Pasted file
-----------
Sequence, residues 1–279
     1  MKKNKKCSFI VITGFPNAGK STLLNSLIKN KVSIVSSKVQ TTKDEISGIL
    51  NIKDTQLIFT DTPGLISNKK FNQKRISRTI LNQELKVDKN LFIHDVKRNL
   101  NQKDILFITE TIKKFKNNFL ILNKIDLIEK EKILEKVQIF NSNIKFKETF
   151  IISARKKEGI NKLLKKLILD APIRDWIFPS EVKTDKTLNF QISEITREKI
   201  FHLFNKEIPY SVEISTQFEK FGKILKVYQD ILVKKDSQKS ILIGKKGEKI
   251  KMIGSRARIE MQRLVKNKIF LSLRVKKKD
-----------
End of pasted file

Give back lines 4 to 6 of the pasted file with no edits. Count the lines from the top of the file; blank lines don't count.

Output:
   101  NQKDILFITE TIKKFKNNFL ILNKIDLIEK EKILEKVQIF NSNIKFKETF
   151  IISARKKEGI NKLLKKLILD APIRDWIFPS EVKTDKTLNF QISEITREKI
   201  FHLFNKEIPY SVEISTQFEK FGKILKVYQD ILVKKDSQKS ILIGKKGEKI